The degree I have applied for may not be the one I come out with at the end. I may decide that I want to be a famous singer at the end of all this and study music. Or maybe I will get a degree in Biochemistry and Anthropology, and I will become an anthropologist that supports her theories with science. Maybe I will tell the world that I’m good enough to have it all. The point is to educate our dreams, to find what we care about. I care about human beings; I care that different ways of life are seen as vulnerable or weak; I care that vulnerability is taken advantage of; I care that the world looks at how bright you look on paper rather than how strong your hands actually are; I care that people forget how important and relevant their lives are; and most importantly, I care about who we could all be in the near future. I care about our potential as a human race. Too bad there isn't a degree for caring and money for those offering hugs. The point I am trying to make is that education may be the key ingredient to expanding your mind and filling it with facts and ideas, but your own personal passions are what will gain you success at the end of the day. Passion is something the books do not teach you and the money cannot provide. Think of those things you care about, then educate your concerns and voila! Create. Play with your degree and education. Tell your resume that you are more important than how others may read you. Tell your university and world that your future is in your hands and that they work for you; you pay for their knowledge simply to gain insight into your own.  Go learn all the things your passions need to grow. We all hit dull moments; if you feel lack of motivation, maybe you’re in the wrong place. Maybe you’re trying to take on other’s cares because they seem more important, but if we all cared for the same things then too many areas of life would be neglected. Don’t be afraid of failure or rejection; be excited that a door that would have wasted your time has closed and the right one is sitting patiently. Be brave. Tell institutions that you will benefit from them, not become them. Find every little thing in this world that makes your stomach turn and mind race, and educate yourself to make a difference. Nothing is small if you care for it.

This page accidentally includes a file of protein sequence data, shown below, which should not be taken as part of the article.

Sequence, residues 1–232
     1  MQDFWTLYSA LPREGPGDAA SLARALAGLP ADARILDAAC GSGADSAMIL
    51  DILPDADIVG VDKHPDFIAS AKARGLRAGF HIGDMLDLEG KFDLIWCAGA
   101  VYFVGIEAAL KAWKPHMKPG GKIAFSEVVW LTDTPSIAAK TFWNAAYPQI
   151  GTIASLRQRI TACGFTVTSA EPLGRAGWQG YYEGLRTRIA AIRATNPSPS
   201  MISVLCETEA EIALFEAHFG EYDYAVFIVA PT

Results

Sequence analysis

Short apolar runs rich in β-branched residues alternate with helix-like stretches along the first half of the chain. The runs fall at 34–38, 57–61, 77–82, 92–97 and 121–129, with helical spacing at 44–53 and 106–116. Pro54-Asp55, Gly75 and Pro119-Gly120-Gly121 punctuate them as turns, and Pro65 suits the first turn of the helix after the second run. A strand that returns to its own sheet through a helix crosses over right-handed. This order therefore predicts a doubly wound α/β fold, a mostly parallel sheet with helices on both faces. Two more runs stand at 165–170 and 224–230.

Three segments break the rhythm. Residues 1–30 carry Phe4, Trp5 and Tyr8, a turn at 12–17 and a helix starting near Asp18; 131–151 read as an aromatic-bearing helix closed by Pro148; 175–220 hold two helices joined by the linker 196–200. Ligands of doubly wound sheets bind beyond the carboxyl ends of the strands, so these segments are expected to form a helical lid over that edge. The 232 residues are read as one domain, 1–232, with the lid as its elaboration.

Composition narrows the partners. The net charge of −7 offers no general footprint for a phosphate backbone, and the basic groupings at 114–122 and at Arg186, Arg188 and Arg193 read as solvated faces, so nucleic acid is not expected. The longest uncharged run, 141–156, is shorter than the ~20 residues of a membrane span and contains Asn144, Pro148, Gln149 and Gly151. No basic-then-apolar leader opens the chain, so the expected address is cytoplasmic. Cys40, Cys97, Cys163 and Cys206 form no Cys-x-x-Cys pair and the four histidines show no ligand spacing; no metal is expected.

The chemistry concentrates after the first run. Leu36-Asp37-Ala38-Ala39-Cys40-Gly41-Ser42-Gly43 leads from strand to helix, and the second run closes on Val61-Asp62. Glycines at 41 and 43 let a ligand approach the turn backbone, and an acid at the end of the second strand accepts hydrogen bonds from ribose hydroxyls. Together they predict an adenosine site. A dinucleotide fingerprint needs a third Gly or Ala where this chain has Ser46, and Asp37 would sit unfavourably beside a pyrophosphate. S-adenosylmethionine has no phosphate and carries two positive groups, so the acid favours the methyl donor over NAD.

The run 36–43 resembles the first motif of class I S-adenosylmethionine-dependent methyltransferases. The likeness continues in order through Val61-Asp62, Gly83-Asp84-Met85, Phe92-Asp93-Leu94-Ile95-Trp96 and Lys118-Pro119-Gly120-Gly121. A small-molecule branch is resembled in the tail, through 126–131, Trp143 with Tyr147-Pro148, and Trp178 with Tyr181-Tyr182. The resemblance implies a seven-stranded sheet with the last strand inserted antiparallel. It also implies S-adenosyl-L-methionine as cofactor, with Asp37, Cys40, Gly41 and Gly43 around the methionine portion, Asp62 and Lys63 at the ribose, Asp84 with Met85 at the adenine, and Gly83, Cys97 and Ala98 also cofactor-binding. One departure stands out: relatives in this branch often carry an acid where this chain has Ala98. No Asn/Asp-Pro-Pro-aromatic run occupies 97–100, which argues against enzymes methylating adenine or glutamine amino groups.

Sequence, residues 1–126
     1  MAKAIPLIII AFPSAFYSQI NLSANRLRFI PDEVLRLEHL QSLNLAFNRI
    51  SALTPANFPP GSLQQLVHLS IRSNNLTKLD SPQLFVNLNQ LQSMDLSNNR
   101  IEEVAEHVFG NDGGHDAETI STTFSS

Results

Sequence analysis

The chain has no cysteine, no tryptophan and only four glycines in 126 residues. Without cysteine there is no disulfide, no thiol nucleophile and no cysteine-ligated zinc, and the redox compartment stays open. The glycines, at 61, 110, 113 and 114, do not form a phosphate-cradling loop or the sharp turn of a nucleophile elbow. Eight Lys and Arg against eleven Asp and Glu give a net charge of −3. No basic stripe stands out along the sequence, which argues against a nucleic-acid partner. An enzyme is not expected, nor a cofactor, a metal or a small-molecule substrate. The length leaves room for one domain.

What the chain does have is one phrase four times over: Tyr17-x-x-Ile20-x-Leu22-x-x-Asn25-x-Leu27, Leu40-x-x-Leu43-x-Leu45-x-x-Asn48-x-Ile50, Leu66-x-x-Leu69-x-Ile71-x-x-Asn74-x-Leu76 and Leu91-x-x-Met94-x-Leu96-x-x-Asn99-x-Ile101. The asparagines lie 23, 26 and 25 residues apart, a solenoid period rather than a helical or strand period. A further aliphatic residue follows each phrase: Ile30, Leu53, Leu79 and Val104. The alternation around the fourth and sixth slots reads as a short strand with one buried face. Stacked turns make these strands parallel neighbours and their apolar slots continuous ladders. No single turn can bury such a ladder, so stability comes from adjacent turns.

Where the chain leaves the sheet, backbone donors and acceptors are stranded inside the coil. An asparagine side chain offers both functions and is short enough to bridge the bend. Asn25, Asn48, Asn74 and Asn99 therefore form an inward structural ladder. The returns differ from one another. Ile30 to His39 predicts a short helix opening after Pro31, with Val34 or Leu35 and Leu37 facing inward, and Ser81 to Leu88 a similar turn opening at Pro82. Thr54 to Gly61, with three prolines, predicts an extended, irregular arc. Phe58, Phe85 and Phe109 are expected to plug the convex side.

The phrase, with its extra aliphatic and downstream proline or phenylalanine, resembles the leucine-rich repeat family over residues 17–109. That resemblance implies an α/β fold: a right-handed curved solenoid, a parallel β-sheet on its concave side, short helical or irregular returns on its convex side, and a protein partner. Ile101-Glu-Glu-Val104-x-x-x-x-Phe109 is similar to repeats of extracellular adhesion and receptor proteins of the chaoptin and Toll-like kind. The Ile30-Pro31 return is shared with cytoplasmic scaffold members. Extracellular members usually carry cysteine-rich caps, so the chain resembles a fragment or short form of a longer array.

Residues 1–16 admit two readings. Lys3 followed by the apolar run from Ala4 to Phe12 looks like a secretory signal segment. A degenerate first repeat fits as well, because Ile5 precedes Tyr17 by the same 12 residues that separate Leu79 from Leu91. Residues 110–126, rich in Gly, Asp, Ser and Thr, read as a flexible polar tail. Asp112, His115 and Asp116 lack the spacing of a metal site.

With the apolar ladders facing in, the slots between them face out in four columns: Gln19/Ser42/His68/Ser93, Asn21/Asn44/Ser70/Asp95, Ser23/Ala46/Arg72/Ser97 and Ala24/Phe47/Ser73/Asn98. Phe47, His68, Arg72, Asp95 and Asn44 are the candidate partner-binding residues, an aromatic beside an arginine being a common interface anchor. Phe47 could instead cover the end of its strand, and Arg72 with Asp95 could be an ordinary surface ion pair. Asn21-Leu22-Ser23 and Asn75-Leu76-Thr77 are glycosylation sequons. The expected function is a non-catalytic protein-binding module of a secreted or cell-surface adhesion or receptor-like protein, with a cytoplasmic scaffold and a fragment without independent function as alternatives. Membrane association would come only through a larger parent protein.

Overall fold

Nante Yie, dreamers.
Emily Chamberlain